Accessibility links

Breaking News

Iran To Fund The Fortification Of Syrian Air Defense

Chief of Staff of the Iranian Armed Forces Major General Mohammad Baqeri (R) and his Iraqi counterpart Major General Othman al-Ghanmi (L) meet in Tehran on September 27, 2017. (Photo by ISNA)

A senior spokesman for the General Staff of the Iranian Armed Forces says Iran plans to fortify Syria's air defense.

Speaking to the Islamic Revolution Guards Corps (IRGC)-linked Fars news agency, Brigadier General Abolfazl Shekarchi said on Tuesday, September 22 that Syria made the request during the recent visit of the Chief of General Staff of the Iranian Armed Forces, IRGC Major General Mohammad Baqeri, to Damascus, and as a result, "we have a contract with the Syrian government."

Shekarchi stopped short of going into the details of the contract.

Baqeri visited Syria on July 9, during which Tehran and Damascus signed a memorandum of understanding of "technical and military cooperation" at the time.

The plan to strengthen the air defenses of Syria, a war-torn country, comes as Israel has launched hundreds of airstrikes in recent years targeting Iranian forces, Syrian government positions, and their allied militias.

Over the past two years, the Syrian air defense has failed against most of these attacks.

According to Israeli government officials, the attacks show the country's "firm stance" against Iran's presence in Syria, and are aimed at exerting pressure to push out Iranian forces and its militia allies from Syria.

Israeli officials have repeatedly accused Tehran of seeking a military stronghold in Syria to threaten their country.

Meanwhile, Shekarchi claimed that Iran had provided Houthi Yemenis with the experience and know-how in the defense sector, including "technology in the defense sphere, as they have learned how to produce missiles, drones, and weapons in Yemen by themselves," he said, adding, "We have shared our experience and knowledge with the people of Yemen."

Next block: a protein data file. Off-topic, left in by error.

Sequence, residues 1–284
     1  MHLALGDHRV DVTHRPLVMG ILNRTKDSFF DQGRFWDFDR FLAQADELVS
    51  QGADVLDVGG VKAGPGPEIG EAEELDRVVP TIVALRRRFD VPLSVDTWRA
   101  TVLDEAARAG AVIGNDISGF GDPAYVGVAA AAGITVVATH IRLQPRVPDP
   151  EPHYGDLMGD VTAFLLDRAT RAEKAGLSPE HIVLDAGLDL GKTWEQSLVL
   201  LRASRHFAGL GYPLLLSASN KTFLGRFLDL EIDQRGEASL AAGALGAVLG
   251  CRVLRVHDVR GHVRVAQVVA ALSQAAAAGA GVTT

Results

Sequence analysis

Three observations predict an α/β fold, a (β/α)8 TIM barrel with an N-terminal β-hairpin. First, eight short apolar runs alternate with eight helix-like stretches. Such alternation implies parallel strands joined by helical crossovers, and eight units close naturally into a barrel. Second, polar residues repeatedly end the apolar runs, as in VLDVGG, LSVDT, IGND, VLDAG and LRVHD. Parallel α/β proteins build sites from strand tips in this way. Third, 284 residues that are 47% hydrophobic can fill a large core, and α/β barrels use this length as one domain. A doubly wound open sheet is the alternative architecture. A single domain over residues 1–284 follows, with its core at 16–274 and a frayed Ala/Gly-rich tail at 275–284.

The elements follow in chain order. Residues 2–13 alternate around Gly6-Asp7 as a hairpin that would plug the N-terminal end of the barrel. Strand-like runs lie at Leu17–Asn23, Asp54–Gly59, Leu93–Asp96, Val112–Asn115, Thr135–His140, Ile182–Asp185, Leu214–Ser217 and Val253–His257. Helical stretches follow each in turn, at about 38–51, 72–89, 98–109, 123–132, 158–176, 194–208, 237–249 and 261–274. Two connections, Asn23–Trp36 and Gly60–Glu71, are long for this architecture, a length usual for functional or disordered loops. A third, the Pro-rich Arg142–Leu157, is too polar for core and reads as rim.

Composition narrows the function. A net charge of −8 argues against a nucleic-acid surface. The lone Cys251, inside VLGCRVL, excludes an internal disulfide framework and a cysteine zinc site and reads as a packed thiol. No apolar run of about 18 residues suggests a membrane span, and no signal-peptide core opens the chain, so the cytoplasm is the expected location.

Shekarchi's remarks come a day after the U.S. government announced that it had activated the "trigger mechanism" to extend the International arms embargo against the clergy-dominated Iran.

The United States last week sanctioned more than two dozen people and entities involved in Iran's nuclear, missile, and conventional arms programs, a senior U.S. official said, the effects of U.N. sanctions on Tehran that Washington argues have resumed despite the opposition of allies and adversaries.

In an exclusive report, Reuters said on Monday, "The new sanctions fit into U.S. President Donald Trump's effort to limit Iran's regional influence and come a week after U.S.-brokered deals for the United Arab Emirates and Bahrain to normalize ties with Israel, pacts that may coalesce a wider coalition against Iran while appealing to pro-Israel U.S. voters ahead of the November 3 election."

Earlier, Iranian Defense Minister Amir Hatami said that with the lifting of the arms embargo, Iran could have a "stronger foothold" in the arms market and become more known for "exporting" than "importing" "defense products."

Based on the United Nations Security Council Resolution 2231, tied to the Joint Comprehensive Plan of Action (JCPOA) 2015 nuclear deal with world powers, the international arms embargo against Iran will expire on October 18, 2020.